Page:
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THE Iloilo City Government, through its Disaster Risk Reduction and Management Council, has officially declared an outbreak of pertussis (whooping cough) during Monday’s emergency meeting, March 25, 2024.The declaration came following the recommendation of the Health and Sanitation Cluster headed by the City Health Office (CHO), which logged 15 cases of pertussis as of March 25, seven of which are confirmed and eight are suspected.Headed by Iloilo City Mayor Jerry Treñas, the council passed two resolutions, one is declaring on outbreak on pertussis and the other one, recommending to the City Council the declaration of a state of calamity due to the disease.The mayor said he will make an urgent request to the City Council, which is expected to hold a special session Tuesday, March 26, for the approval of the declaration.“We need to access funds coming from the calamity fund; we cannot access it unless there is a declaration of the state of calamity,” Treñas said.With the declaration, a proposed budget of P16 million has also been approved during the council meeting for the needed measures and responses against pertussis.A big chunk of the fund will go for the procurement of medicines and vaccines.“If necessary, we will add more funds,” Treñas added.CHO data showed that three of the confirmed cases are from Molo, two from Jaro 1, and one each from Jaro II and Arevalo.According to CHO Assistant Department Head Dr. Roland Jay Fortuna, a total of 26,000 children aged 0 to 59 months old from the districts of Jaro, Molo and Arevalo are projected for vaccination.“If we have an outbreak, we have what we call 'outbreak response immunization', that is why we need additional vaccines. For adults, pregnant women on their third trimester are also high-risk, so we will give them the vaccine also because there’s possibility that they may be a carrier and the baby who is not yet vaccinated will have a big chance to acquire pertussis,” Fortuna said.Meanwhile, the personnel of the Uswag Molecular Laboratory will undergo training for pertussis testing so the City will no longer send specimen to the Research Institute for Tropical Medicine.According to the CHO, pertussis, commonly known as whooping or violent cough, is a highly contagious respiratory infection caused by the bacterium Bordetella pertussis. In China, it is referred to as the "100-day cough. The incubation period is seven to 10 days.Individuals at high risk for pertussis include those who are younger than 12 months old, in the third trimester of pregnancy, have pre-existing health conditions, or have close contact with high risk.Symptoms include paroxysms of coughing, inspiratory "whooping," post-tussive vomiting, and apnea.It is transmitted through respiratory droplets. Preventive measures include respiratory hygiene, avoiding contact with unvaccinated or incompletely vaccinated patients, hand washing with soap and water or alcohol-based sanitizer, and droplet precautions in healthcare facilities. (Leo Solinap/PR) What slots can I play online for real money?. here is how to register at an online casino site in the Philippines:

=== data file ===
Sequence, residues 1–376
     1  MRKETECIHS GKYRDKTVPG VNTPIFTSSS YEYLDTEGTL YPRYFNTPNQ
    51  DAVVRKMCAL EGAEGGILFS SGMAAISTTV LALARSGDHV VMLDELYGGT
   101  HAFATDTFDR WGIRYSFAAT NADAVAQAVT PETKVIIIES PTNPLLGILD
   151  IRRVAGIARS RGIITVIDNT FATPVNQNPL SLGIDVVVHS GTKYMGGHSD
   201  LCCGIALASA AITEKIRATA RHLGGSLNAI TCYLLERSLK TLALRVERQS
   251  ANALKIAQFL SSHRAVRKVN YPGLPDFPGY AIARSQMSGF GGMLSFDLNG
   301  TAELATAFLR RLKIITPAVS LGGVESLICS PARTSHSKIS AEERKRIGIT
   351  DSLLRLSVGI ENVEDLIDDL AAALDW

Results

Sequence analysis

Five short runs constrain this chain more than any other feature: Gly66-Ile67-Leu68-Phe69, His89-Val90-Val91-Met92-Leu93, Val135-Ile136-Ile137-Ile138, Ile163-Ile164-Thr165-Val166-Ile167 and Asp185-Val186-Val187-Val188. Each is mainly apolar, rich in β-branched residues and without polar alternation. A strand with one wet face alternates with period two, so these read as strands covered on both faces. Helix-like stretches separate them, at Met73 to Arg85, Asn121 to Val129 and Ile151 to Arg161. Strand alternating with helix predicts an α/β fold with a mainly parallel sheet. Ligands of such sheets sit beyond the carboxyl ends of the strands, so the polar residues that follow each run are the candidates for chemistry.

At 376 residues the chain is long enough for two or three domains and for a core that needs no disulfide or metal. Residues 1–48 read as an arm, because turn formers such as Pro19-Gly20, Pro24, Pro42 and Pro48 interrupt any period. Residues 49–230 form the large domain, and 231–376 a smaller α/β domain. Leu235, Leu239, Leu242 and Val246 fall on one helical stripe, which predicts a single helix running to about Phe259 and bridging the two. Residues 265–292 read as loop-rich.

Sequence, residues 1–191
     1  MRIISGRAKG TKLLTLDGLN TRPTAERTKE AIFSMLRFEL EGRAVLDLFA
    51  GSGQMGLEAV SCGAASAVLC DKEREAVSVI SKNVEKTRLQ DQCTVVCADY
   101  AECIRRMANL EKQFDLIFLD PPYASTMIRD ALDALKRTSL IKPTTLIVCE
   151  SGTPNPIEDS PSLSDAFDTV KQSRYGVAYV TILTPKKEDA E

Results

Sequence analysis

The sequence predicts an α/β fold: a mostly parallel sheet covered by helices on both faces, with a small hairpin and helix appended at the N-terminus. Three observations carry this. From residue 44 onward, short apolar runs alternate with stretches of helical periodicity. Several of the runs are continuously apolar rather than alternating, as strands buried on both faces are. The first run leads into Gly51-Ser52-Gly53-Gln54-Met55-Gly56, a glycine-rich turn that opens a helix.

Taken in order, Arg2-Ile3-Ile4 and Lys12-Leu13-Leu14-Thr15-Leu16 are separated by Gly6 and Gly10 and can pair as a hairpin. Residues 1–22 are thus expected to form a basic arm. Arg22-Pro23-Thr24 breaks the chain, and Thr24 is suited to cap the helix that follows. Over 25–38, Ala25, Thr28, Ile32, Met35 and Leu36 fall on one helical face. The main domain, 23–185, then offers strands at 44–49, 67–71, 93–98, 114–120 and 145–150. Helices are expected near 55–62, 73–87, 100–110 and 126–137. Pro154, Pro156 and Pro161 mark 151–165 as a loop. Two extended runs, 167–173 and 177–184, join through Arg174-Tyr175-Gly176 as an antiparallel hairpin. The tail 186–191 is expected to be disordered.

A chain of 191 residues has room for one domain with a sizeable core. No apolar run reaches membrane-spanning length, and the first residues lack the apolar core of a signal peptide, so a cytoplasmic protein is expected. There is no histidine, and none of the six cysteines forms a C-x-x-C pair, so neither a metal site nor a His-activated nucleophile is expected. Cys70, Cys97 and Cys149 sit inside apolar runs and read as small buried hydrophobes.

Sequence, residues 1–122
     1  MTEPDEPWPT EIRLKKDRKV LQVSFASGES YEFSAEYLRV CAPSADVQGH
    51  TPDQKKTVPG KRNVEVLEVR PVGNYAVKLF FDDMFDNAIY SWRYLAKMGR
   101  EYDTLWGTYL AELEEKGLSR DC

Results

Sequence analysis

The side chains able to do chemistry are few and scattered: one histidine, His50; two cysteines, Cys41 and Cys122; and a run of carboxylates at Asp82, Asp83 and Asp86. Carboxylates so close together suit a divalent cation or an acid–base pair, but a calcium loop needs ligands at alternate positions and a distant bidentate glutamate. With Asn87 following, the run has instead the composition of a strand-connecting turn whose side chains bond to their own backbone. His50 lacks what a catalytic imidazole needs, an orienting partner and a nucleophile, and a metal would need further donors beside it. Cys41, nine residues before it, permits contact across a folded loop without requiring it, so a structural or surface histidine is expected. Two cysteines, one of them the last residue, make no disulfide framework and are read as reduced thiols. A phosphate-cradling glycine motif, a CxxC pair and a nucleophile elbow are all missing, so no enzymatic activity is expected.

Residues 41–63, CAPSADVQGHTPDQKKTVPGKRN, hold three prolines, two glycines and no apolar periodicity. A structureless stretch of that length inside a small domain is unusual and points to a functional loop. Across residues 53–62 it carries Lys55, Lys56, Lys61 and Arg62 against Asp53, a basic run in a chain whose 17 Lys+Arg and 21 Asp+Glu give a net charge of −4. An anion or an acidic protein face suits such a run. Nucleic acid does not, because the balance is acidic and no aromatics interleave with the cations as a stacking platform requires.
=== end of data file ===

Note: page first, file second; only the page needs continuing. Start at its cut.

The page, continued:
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THE Office of the Government Corporate Counsel (OGCC) has released its opinion on the partial intervention of the Local Water Utilities Administration (LWUA) in the Metropolitan Cebu Water District (MCWD).But the LWUA and the MCWD are interpreting it differently.The LWUA, in a statement issued on Tuesday, April 2, 2024, said the OGCC’s opinion affirmed the legality of its partial intervention.The OGCC said the LWUA is authorized to intervene in the operations and management of a water district, including policy-making. However, this power is subject to limitations imposed by its charter. In a statement dated March 26 and signed by Solomon Hermosura, government corporate counsel, and Owen Vidad, the officer-in-charge who handles the legal affairs of water districts, the OGCC explained that before the LWUA can intervene, it must establish that the water district has defaulted on its loan and it has provided the water district with an opportunity to remedy the default.AuthorizedThe OGCC said the LWUA must exhaust the procedures and remedies outlined in the loan agreement before resorting to intervention, ensuring compliance with due process requirements. The LWUA said the MCWD had defaulted on its loan, adding that the water district violated the terms of its Financial Assistance Contract (FAC). It cited the MCWD’s failure to address high non-revenue water that resulted in an annual loss of revenue of at least P117.759 million annually. This violated the agreement that both parties signed under Article IV, Section 7 of the existing FAC, it said.The LWUA issued a demand letter to MCWD board chairman Jose Daluz III and MCWD general manager Edgar Donoso titled “To Explain/Show Cause, To Turn Over Documents and To Stop the Usurpation of the Authority of the MCWD Interim Board of Directors and the Unauthorized Use of Facilities and Resources of MCWD.”“Prudent approach”LWUA Administrator Jose Moises Salonga said MCWD’s FAC with the LWUA provided several options for the LWUA in case the MCWD defaulted.“However, (the) LWUA decided to take a prudent approach by issuing an intervention order that is not only for (the) MCWD’s best interest but more so for the Cebuanos. (The) LWUA is offering a more holistic approach with (the) MCWD through partial intervention,” he said.LWUA Chairman Ronnie Ong issued a statement saying the agency has followed due process, adding that it even agreed with the MCWD’s request to wait for the OGCC’s opinion.“Now that it’s released, (the) LWUA takes note of their legal opinion affirming (the) LWUA’s power to intervene in water districts following that due process has been observed,” Ong said.He pointed out that they informed the MCWD of the partial intervention last March 15, while the FAC between the MCWD and the LWUA empowers the LWUA to implement intervention upon default without the need for judicial procedures or any administrative hearing or any negotiation steps in the LWUA. AssuranceHe said the LWUA provided various opportunities to the MCWD in 2023 to air its side in their various meetings and correspondences regarding finances, water rate and bidding issues.Ong assured that the LWUA’s partial intervention only involves the setting aside and the investigation of the MCWD’s regular board of directors (BOD) and shall not, in any way, affect rank-and-file employees and the delivery of services.“Accessible, uninterrupted and safe water supply to the Cebuanos will remain during the investigation and throughout the partial intervention,” he said.Daluz, in a phone interview on Tuesday, said he interpreted OGCC’s opinion as favorable to them.He said the status quo will remain in the MCWD’s regular BOD.He urged the LWUA to fulfill its earlier agreement to respect the OGCC’s opinion.Daluz explained that the MCWD has never defaulted on its loan, saying it has diligently paid the amortization for its about P12 million loan to LWUA. The MCWD had requested the OGCC for an opinion regarding LWUA’s partial intervention when it appointed an interim BOD last March 15. LWUA Administrator Salonga used Resolution 35, which was approved last September yet, as his authority to implement the agency’s “partial intervention” in the MCWD.The OGCC cited Section 61 (e) of the LWUA Law, which was established under Presidential Decree 198, also known as the Provincial Water Utilities Act of 1973, which allows the LWUA, without the necessity of judicial process, to take over and operate the facilities or properties in the event of a loan default by the local water district in the payment.To ascertain whether the MCWD has defaulted on the loan and the legitimacy of the LWUA’s intervention, the OGCC said it is necessary to examine any loan or financial agreement between the MCWD and the LWUA.No mention of the loanIt said the examination should consider various aspects of the agreement, such as the loan amount, payment schedules, interest rates, fees, events of default, default procedures, and other obligations of the MCWD outlined in the agreement. The OGCC pointed out that the LWUA’s letter dated March 15 did not mention the MCWD’s loan obligation to the LWUA or any default by the MCWD regarding the loan obligation. However, it said the LWUA may appoint an interim BOD during the period of its takeover or intervention of a local water district when the conditions for the LWUA’s takeover of, or intervention in, a local water district are present. “It must be emphasized that the takeover or intervention of a water district is authorized only to ensure payment of its overdue accounts, the satisfaction of its reserve requirements and the resolution of all its causes of default,” the OGCC reiterated. Old board “remains”The OGCC noted that during the takeover, the water district’s board members are not removed, as specified in Section 61 (e) of the LWUA Law. “For this purpose, the Administration may designate its employees or any person or organization to assume both the policy-making authority and the powers of management, including but not limited to, the establishment of water rates and service charges, the dismissal and hiring of personnel, the purchase of equipment, supplies or materials and such other actions as may be necessary to operate the water district efficiently. Such policy-making and management prerogatives may be returned to the Board of Directors and the general manager of the water district, respectively, when all of its overdue accounts have been paid, all its reserve requirements have been satisfied and all the causes of default have been met,” it said.It also cited Sections 17 and 18 of Title II of PD 198, which outline the powers and limitations of local water district boards, emphasizing their role in policy-making rather than detailed management. The OGCC said the original board can return when the default is resolved. / EHP, AML What does the Philippines call soccer? . It’s always a good idea to take your time and make sure you’ve found the best online casino in the Philippines on the online gambling market that can give you what you want.